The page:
Shakespeare and Montaigne. An unsigned review of Shakspeare’s Debt to Montaigne, by George Coffin Taylor
In lieu of an abstract, here is a brief excerpt of the content:

600 ] Shakespeare and Montaigne An unsigned review of Shakspeare’s Debt to Montaigne by George Coffin Taylor London: Milford, 1925. Pp. vi + 66. Times Literary Supplement, 1249 (24 Dec 1925) 895 Professor Taylor has written a useful book.1 He has shown wisdom in presenting his conclusions in the briefest and most compact form – the whole treatise, including appendices, runs only to sixty-six pages – and his appendices exhibit his evidence in a manner most convenient for the reader. In general, he is in accord with Mr. J. M. Robertson’s views on the subject of Shakespeare’s relation to Montaigne;2 but his own methods are of considerable interest, and his modesty and caution in limiting the scope of his inquiry give them added plausibility. Mr. Taylor confines himself, and rightly, to determining the extent of verbal influence. His method is simple but persuasive. First he brings to light a number of fresh parallel passages of Florio’s translation with passages in plays written after 1603 (the date of Florio’s publication).3 He does not rely on any one of the Shakespeare passages as obviously derived from Montaigne – though several of the parallels are to an unprejudiced mind quite convincing – but contends that the number of the parallels is sufficient to establish a strong probability that Shakespeare had the Florio Montaigne much in his mind, especially in the years immediately following 1603 – the later plays show fewer parallels. These parallels themselves are very interesting reading. But this mass of evidence is supported by evidence of another type, the presentation of which is Professor Taylor’s most important contribution. Mr. Taylor has compiled a list of words and phrases which are found in the Florio, and which were used by Shakespeare after Florio’s book appeared and not before; words and phrases numerous enough to create a presumption that Shakespeare picked them up from Florio. Furthermore, Mr. Taylor has drawn up a table showing the number of such words and phrases occurring in each play, and the percentage to each page: with the highly satisfactory result that (with two exceptions) the highest percentage is found in the plays written about or soon after [ 601 Shakespeare and Montaigne 1603; from this date they decrease steadily, as, it would seem, the detailed impressions of the Florio faded from Shakespeare’s mind. Of the two exceptions, Mr. Taylor admits that “the strong influence in The Tempest is inexplicable, except on the theory that Shakespeare returned for a brief interval to his reading of Montaigne” [32]. This hypothesis may look rather weak, but we think there is a great deal to he said for it. There is no doubt that The Tempest is a very late play, and it is the one play in which the influence of Montaigne is commonly acknowledged. As for Othello, in which the influence of Montaigne ought, on the theory, to be strong (the table shows a percentage of only 2.2 Montaigne words to the page, compared, for instance, with 2.8 in The Winter’s Tale), we think that Mr. Taylor should have expounded his explanation at greater length. But, in any case, Mr. Taylor attempts no more than to found a presumption ; and in this we think he succeeds. As to the nature of the influence of Montaigne on Shakespeare he is wisely reserved. At most, a large part must be conceded to Florio himself – and here Mr. Taylor renders a needed tribute to the work performed by the Elizabethan translators in enriching the language. Florio was compelled to draw upon every available source of word-supply in our language, and, when that supply was exhausted, to press into service foreign emissaries , words new and never spoken before in England. No one who will take the pains to read carefully two or three times through the Florio will doubt the vastness of the vocabulary. Let one cast about in one’s mind for a source of available word-supply which could, about 1603, afford Shakspere an opportunity for sudden expansion in vocabulary, and one will come at last to the Florio Montaigne. [29] Even, Mr. Taylor adds, if we allow that Shakespeare may have got many of the words from other sources, such as the North Plutarch, or if Florio and Shakespeareweredrawingoncommonsources,theevidencethatShakespeare read with the most prodigious memory for words that has ever existed is almost indisputable, and is consonant with everything that we do know of Shakespeare.4 And in bringing more clearly...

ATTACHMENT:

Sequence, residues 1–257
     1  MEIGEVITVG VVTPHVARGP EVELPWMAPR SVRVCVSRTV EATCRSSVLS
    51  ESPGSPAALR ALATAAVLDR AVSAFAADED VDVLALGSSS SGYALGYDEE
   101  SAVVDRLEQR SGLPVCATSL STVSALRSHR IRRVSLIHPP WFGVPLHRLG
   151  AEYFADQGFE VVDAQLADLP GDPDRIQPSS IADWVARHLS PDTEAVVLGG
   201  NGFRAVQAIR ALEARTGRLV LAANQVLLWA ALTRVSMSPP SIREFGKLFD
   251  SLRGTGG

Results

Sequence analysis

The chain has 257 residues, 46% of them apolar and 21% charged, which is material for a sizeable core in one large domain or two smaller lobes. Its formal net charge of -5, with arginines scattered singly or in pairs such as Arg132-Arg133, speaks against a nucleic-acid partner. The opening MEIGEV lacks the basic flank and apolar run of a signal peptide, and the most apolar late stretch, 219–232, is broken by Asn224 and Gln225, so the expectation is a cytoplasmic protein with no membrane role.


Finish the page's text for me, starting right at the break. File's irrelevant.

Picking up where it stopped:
pdf